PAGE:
But the CAB also contains a normalization component, which as the name implies seeks to normalize and achieve the desired quality of life in conflict-affected communities. This component seeks to implement socio-economic programs in the Bangsamoro, and transform MILF camps into productive civilian communities, among others.

Follow the news, and read the opinions of respected politicians, academics and other experts — from both sides of the debate — as they present some of the richest discourse about the topic. Doing so will not only keep you abreast of developments, but also help widen your perspective.

3. Discuss, and then act.

Share your insights and learnings to friends and peers, correcting their misperceptions and helping them have a more informed stand. The goal is two-pronged: enable better understanding of the issue at hand and increase the chances of finding concrete solutions.

Little things can matter too. As the project manager of a peace-building project called Peace for Reel supported by the U.S. government here in the Philippines, and with help from my colleagues, I try to promote peace by encouraging young cineastes to produce films tackling peace. Such activities are easily doable in other countries too.

4. Join conferences, lectures and programs advocating peace and cultural exchange.

“I know there is no silver bullet to attaining lasting peace in any conflict situation. But as a young development leader, I also know that the youth can be an integral part of this process.”

— Al-Bari Macalawan, youth leader

Academic institutions and NGOs actively engage students and youths on a range of subjects, including peace building. Finding nearby universities and organizations holding such forums and programs often can easily be done by searching online.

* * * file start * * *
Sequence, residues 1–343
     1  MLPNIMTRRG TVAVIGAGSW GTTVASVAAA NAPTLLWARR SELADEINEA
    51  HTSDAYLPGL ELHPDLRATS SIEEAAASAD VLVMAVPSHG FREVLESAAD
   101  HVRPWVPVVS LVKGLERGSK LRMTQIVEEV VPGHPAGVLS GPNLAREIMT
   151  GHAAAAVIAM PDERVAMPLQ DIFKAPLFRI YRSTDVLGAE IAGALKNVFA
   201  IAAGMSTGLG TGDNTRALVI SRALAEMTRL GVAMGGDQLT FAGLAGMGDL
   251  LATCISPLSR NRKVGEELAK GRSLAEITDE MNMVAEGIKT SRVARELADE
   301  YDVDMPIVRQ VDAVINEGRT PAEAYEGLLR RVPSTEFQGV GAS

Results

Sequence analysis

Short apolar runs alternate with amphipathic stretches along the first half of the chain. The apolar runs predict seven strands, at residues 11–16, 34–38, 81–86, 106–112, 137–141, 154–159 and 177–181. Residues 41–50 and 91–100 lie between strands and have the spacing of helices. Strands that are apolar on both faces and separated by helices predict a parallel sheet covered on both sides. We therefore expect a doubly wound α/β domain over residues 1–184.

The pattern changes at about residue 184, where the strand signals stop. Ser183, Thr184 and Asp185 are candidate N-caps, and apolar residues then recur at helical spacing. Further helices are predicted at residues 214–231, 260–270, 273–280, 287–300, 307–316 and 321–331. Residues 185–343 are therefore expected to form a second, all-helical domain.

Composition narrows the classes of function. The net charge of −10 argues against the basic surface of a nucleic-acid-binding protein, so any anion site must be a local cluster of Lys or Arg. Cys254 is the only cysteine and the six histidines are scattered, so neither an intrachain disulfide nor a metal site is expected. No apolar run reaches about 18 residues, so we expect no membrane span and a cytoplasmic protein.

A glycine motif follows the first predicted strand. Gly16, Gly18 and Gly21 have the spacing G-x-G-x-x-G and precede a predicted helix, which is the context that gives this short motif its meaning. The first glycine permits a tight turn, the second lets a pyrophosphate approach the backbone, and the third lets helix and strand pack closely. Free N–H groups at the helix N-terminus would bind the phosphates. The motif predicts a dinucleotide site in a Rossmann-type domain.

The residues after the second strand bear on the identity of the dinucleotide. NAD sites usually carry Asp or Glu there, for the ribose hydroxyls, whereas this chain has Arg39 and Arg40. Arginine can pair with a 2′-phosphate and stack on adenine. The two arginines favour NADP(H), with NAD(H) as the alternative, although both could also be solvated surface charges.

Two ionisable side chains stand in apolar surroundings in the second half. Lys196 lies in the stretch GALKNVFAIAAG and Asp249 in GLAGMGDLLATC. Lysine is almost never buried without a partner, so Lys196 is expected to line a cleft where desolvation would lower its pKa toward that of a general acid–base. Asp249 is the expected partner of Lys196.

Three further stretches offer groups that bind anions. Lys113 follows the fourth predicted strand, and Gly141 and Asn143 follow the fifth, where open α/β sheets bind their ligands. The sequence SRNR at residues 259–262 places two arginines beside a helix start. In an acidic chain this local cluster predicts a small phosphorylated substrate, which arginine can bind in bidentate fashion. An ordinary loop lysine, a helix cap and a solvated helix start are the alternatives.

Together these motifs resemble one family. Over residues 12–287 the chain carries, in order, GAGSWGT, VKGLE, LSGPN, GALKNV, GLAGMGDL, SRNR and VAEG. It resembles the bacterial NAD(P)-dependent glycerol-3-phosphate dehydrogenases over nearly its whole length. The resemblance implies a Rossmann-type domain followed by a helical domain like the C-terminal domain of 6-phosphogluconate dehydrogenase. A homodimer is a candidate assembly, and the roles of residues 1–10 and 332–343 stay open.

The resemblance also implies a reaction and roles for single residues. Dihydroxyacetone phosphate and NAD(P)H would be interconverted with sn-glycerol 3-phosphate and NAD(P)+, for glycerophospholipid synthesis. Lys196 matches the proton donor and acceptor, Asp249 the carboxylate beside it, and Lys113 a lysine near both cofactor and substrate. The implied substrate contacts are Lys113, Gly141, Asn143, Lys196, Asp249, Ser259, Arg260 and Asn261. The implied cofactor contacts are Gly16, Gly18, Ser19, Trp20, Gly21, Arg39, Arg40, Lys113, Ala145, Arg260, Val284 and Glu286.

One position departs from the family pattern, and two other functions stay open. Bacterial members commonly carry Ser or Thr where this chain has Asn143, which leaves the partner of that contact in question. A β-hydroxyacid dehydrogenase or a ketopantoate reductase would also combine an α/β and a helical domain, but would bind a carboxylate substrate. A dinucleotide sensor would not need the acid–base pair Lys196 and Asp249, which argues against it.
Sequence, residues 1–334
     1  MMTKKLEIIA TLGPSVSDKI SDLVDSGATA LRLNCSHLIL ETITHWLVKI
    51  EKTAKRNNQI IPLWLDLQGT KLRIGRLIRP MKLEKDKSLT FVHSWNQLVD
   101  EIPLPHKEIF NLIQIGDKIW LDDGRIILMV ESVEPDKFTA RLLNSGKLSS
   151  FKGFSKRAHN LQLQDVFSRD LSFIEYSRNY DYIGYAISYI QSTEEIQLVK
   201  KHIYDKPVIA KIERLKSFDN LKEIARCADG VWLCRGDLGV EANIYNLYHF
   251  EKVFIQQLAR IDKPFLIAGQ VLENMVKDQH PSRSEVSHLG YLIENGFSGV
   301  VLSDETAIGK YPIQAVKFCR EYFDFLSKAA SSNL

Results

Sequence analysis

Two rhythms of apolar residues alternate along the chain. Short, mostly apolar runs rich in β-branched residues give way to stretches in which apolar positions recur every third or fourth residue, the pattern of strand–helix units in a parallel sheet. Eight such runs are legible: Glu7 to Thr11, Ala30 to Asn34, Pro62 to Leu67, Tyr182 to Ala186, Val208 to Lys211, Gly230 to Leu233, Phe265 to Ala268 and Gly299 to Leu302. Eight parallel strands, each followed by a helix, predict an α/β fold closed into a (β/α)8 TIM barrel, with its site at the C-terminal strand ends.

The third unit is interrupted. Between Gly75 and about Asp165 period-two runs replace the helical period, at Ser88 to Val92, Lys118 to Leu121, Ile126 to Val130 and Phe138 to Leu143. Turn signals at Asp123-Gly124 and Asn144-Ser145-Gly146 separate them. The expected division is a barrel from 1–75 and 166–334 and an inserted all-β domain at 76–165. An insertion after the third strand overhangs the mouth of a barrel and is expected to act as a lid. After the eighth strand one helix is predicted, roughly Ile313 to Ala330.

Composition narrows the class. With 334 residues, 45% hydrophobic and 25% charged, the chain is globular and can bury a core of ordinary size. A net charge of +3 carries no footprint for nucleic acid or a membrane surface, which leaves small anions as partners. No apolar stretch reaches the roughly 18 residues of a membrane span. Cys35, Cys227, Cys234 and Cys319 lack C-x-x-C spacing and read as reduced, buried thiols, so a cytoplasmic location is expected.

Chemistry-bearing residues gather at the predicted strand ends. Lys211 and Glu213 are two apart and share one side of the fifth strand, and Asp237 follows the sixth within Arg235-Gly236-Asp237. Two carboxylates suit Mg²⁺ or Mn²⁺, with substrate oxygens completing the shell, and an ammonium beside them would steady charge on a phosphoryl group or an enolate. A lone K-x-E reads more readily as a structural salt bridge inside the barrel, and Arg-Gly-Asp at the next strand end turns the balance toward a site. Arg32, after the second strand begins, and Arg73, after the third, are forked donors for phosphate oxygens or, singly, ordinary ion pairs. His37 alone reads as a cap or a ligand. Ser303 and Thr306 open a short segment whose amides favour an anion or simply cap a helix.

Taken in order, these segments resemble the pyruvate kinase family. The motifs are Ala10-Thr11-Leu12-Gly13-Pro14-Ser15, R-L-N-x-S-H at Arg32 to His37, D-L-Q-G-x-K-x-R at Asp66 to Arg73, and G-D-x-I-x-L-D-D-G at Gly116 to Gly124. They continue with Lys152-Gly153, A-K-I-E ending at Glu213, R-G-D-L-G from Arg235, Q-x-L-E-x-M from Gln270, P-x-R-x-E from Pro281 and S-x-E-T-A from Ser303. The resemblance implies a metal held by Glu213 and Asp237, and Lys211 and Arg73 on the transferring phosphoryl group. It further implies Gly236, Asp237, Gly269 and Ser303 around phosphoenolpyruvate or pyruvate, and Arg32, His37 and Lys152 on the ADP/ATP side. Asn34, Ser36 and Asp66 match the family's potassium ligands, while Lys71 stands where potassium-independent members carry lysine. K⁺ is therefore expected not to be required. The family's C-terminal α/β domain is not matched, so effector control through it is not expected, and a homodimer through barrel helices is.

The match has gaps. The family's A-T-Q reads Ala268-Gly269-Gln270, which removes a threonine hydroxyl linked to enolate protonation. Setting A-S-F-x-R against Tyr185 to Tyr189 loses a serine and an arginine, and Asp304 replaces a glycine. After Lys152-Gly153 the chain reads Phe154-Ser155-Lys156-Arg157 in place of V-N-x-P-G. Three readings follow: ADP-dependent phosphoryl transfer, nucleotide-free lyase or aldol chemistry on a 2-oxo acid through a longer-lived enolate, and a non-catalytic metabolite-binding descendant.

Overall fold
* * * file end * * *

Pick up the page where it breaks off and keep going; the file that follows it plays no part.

Recently, I joined the Young Southeast Asian Leader’s Initiative United for Peace, a program by the Obama administration to raise Southeast Asian youth awareness on peace and intercultural dialogue. The program taught me the importance of brotherhood, reciprocity and fraternity among different peoples irrespective of their beliefs and perspectives. Many more opportunities like this are out there if you take the effort to search and apply for it.

5. Start a peace project of your own or join one.

A few years ago, I organized the Pencil for Peace Project, an education drive to help primary school children in a conflict-affected area in Pened, Maguindanao. Through the help of the intercultural program called the American Field Service network in the Philippines, we were able to distribute 100 kits to the school.

Starting a project is difficult but with the help of friends and passionate volunteers, you can help other people’s lives in significant ways. It doesn’t have to be big; a recent project by an advocacy group went viral even if it only involved Muslims shaking hands with passing strangers. The project aimed to reduce negative cultural misconceptions about Muslims, given the rise of militant groups.

If you don’t have the time to organize a project, just join one. Social media is a good platform to search for projects like this, and one the youth can very well know how to leverage.

Want to learn more? Check out the Youth Will website and tweet #YouthWill.

Youth Will is an online conversation hosted by Devex in partnership with Chemonics, The Commonwealth Secretariat, The MasterCard Foundation and UN-Habitat to explore the power that youth around the globe hold to change their own futures and those of their peers.

The views in this opinion piece do not necessarily reflect Devex's editorial views.

About the author

  • Al-Bari Macalawan

    Al-Bari B. Macalawan earned his master's degree in political economy from the University of Asia and the Pacific. As a member AFS Intercultural Programs and Young Moro Professionals Network, he is active in youth advocacy and programs. He was part of the LEAD ASEAN Summit 2013 in Manila, the ASEAN Youth Forum 2014 in Yangon, Myanmar, and the YSEALI United For Peace 2015.